the transport (fr. Sweetheart, over____)

A little girl.
She hears her parents
Arguing in the hallway.
She can tell by the tone.

They come and say
To pack her little suitcase.
It’s not yet light.

It’s like a funny game.
But she does as they ask,
To make them feel better,

Because she knows that it’s not.
She knows by the tone.

So she goes along with it,
With her parents,
With them,
And it’s cold out of bed.

She pulls her clothes on
Over her pyjamas.
Some shells she collected
Rattle in the pocket of her coat.

She wonders for a moment
If it’s something she’s done.
Every girl her age has heard about children
Who are sent away.

She packs her little suitcase,
With her doll,
A book
And her best green dress.

And when she gets outside,
When she gets to the gate,
She notices the others.

Other shadows are coming
Out of all the other houses,
Each with a little suitcase.

Afterwards she can’t say,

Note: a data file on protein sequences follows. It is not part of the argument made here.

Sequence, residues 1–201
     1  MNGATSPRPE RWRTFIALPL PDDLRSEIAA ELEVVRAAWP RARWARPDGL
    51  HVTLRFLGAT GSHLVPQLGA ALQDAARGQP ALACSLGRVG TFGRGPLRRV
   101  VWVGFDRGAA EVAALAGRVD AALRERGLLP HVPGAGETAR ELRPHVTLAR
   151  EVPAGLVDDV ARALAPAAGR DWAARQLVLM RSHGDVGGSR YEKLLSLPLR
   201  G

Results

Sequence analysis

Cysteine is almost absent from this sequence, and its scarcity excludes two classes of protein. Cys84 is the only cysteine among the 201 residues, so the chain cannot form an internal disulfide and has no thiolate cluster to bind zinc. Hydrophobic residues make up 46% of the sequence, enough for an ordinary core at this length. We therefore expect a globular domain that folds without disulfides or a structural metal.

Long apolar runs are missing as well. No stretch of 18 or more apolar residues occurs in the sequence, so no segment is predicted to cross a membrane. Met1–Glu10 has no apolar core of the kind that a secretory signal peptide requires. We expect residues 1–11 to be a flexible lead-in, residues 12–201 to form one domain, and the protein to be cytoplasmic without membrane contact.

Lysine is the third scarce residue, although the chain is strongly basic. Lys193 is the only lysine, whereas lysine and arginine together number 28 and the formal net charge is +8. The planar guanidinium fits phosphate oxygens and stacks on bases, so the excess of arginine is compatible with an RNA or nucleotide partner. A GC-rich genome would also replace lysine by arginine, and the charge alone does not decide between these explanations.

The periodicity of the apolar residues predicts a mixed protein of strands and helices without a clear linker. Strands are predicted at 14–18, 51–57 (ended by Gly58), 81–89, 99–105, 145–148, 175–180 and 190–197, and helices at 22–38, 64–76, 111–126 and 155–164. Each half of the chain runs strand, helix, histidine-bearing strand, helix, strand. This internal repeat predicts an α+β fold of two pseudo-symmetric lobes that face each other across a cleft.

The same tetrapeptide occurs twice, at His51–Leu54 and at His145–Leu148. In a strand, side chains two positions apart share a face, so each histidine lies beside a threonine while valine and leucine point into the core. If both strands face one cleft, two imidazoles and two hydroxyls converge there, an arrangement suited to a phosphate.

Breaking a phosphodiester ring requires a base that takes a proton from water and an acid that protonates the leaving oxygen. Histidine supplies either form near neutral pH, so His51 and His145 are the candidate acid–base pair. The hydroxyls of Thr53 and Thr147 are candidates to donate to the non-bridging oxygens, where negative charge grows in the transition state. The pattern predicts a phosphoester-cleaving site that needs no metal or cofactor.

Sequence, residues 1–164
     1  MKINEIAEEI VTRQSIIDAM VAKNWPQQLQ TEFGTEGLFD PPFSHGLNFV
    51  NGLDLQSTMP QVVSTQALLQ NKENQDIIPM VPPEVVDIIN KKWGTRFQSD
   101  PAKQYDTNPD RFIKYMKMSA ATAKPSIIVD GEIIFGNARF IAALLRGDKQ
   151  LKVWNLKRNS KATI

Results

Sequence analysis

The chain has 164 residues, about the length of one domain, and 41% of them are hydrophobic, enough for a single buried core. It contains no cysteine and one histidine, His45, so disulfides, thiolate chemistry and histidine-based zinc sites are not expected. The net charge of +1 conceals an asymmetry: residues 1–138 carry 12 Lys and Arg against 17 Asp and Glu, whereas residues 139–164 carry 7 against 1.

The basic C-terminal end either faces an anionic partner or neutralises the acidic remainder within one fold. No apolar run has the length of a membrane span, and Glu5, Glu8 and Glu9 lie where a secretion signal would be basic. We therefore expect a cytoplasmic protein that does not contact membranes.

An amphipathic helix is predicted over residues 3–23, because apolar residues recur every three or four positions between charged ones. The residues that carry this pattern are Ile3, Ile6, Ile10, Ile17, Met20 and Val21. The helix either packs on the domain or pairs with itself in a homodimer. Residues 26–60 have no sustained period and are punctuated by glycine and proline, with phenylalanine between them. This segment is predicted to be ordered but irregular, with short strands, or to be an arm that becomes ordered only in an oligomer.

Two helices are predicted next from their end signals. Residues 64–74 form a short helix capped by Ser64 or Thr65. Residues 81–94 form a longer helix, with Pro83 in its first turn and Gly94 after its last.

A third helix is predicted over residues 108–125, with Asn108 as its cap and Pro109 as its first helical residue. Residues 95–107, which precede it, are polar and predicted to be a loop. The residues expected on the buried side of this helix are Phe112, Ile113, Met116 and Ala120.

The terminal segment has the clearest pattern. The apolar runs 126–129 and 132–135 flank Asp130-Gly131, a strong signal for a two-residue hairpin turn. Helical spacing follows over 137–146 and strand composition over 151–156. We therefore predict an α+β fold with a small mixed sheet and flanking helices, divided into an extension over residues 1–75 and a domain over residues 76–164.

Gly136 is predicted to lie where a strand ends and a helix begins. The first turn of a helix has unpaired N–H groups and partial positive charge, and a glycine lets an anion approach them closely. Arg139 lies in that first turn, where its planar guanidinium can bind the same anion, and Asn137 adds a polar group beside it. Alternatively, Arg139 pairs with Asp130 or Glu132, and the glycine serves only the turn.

Which of her parents woke her up,
Who it was who helped her pack
Her best things,

Who got her dressed, or,
Whether, at last,
It was her mother or father
Who carried her outside,
Past the front gate.

Because in her mind
They’ve become one.

Later they’ll insist
That they didn’t tell her,
Because she wouldn’t have understood
And didn’t want to go.

But this isn’t true.
She understood,
At the time,
The important thing.

It was a game,
And her parents were acting.
She could tell by the tone.

Even later, if they ask her
What she remembers
She’ll face them,

The ranks of all
The mothers and fathers,
Standing as one,
In sunlight,
And say,

That at the time she was real,
They weren’t, and
When she was serious
They were just play-acting.

(June, 2006)